• Defense verdict: A 32-year-old woman began experiencing burning and frequency of urination. The plaintiff went to the defendant doctor and claimed that the doctor failed to diagnose a kidney infection or kidney stones, and failed to timely refer her to a urologist. The plaintiff asserted that by the time a proper diagnosis was made her kidney had been permanently damaged and required surgical removal. The plaintiff insisted that her symptoms were treated as a simple bladder infection with antibiotics, but the infection never subsided. The plaintiff argued that the infection was present for over two years before a large staghorn kidney stone was finally detected by intravenous pyelogram (IVP). The defendant doctor maintained that the plaintiff’s complaints were not consistent with a severe infection and that simple bladder infections, which are common in women, are treated with antibiotics. The defendant claimed that the woman had multiple, simple infections, not one continuous infection, and also contended that the plaintiff was given two separate referrals for an IVP test in the year before the kidney stone diagnosis. Had the plaintiff gone for the tests, any stone likely would have been diagnosed before the kidney damage. (Michalek v. Crawford, Jefferson County, Mo.). Plaintiff experts: Carlos Deleste, MD, William Fish, MD. Defense expert: John Daniels, MD.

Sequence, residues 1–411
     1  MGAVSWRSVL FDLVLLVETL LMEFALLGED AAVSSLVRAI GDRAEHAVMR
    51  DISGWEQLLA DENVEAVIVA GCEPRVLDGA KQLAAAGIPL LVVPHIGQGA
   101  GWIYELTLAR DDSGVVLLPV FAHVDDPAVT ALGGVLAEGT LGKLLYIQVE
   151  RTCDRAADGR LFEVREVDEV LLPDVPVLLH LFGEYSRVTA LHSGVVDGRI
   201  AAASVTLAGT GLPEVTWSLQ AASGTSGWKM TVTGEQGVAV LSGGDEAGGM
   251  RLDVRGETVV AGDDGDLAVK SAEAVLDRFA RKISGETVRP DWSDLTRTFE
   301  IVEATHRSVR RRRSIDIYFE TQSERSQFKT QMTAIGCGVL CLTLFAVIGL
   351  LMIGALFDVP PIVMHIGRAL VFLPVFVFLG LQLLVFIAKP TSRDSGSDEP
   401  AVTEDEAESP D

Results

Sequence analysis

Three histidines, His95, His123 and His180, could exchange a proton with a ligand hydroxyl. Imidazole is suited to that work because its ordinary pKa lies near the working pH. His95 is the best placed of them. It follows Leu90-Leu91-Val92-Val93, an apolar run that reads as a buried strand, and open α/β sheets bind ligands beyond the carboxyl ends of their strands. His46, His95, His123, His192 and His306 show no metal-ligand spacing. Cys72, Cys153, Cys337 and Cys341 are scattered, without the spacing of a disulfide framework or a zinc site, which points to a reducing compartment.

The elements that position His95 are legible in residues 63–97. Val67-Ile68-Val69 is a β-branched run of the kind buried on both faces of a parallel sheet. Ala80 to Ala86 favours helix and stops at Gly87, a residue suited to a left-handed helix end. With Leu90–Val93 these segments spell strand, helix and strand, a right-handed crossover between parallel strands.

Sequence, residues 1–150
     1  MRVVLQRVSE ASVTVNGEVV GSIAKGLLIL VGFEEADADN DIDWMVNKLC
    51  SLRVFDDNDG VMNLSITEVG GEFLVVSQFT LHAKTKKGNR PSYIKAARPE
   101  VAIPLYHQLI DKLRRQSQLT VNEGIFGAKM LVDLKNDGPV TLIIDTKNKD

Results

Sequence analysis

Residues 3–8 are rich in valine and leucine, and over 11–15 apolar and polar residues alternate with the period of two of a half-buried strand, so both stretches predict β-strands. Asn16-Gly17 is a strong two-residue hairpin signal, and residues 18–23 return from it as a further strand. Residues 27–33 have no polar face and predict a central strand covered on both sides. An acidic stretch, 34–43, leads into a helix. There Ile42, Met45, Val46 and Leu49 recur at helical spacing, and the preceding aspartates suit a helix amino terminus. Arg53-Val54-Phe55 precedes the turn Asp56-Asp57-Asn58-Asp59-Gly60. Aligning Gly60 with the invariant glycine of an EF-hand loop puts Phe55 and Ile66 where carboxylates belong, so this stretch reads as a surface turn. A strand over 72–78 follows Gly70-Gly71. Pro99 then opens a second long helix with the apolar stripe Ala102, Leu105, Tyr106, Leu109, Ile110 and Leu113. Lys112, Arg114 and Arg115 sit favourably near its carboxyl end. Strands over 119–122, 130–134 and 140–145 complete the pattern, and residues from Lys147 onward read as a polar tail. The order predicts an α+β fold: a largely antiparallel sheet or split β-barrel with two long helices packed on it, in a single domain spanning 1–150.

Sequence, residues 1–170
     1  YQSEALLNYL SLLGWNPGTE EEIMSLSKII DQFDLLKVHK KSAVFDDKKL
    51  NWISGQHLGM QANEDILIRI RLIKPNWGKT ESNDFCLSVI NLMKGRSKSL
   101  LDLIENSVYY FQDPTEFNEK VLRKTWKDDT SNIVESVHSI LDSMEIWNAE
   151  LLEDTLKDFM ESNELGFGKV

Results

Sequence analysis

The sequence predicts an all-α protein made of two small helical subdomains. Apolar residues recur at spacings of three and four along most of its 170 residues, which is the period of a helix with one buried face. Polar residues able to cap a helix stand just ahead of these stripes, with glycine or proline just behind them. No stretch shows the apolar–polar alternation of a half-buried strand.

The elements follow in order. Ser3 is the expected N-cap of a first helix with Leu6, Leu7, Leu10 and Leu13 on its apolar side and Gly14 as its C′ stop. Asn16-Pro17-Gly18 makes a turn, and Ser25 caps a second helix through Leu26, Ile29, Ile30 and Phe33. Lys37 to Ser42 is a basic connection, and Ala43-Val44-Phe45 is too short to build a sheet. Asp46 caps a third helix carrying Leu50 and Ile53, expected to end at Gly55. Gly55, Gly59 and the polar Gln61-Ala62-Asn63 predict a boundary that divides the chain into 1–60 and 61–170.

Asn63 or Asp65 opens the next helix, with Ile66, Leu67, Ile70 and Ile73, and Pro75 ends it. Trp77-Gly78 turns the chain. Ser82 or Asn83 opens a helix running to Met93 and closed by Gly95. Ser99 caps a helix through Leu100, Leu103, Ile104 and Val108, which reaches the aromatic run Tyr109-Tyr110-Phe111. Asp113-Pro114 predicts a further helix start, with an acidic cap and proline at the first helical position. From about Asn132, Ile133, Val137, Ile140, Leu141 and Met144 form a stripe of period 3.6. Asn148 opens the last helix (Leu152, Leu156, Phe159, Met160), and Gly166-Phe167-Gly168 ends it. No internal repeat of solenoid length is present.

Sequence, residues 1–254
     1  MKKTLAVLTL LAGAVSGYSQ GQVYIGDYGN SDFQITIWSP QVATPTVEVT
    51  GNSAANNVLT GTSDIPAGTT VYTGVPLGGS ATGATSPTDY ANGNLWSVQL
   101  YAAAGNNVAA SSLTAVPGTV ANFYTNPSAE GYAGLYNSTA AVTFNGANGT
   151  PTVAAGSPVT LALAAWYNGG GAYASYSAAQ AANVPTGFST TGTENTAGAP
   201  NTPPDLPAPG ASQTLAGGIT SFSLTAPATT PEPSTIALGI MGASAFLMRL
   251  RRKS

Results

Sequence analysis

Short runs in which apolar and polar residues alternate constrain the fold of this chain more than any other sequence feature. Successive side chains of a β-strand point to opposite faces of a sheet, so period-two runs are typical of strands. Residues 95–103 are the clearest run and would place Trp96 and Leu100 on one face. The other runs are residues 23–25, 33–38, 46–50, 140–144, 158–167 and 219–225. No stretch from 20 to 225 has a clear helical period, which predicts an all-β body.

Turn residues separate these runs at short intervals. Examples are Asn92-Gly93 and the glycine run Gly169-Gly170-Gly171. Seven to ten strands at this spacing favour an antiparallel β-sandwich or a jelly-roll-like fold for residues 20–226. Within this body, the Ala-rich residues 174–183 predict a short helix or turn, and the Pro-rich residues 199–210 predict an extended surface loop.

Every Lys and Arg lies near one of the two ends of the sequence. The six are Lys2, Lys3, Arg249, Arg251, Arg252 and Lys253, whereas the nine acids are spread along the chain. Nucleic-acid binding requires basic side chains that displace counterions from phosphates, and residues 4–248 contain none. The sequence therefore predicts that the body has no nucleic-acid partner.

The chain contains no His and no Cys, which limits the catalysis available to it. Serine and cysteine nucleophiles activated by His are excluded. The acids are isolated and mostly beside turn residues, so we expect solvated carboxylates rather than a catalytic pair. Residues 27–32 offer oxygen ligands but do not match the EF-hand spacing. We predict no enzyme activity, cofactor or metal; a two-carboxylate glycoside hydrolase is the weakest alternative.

• RC: There are three main issues in this case that should have been anticipated from a consulting perspective whether plaintiff or defense: 1) medical documentation via a timeline that would support whether or not the infection was one continuous infection or a series of infections, 2) identification of any evidence of referral for the IVP and 3) whether or not the plaintiff followed her physician’s order for the IVP. Also ask if the plaintiff can live a reasonably normal life with the loss of one kidney. Infection cases are difficult to prove. Patient noncompliance is hard to overcome and a normal life with one kidney is feasible.
Pyelogram: A radiograph of the ureter and renal pelvis.
Intravenous pyelogram (IVP): A pyelogram in which a radiopaque material is given intravenously. Radiographs of the urinary tract taken while material is excreted provide information about the structure and function of the renal system. This examination may be used to detect kidney stones and other lesions.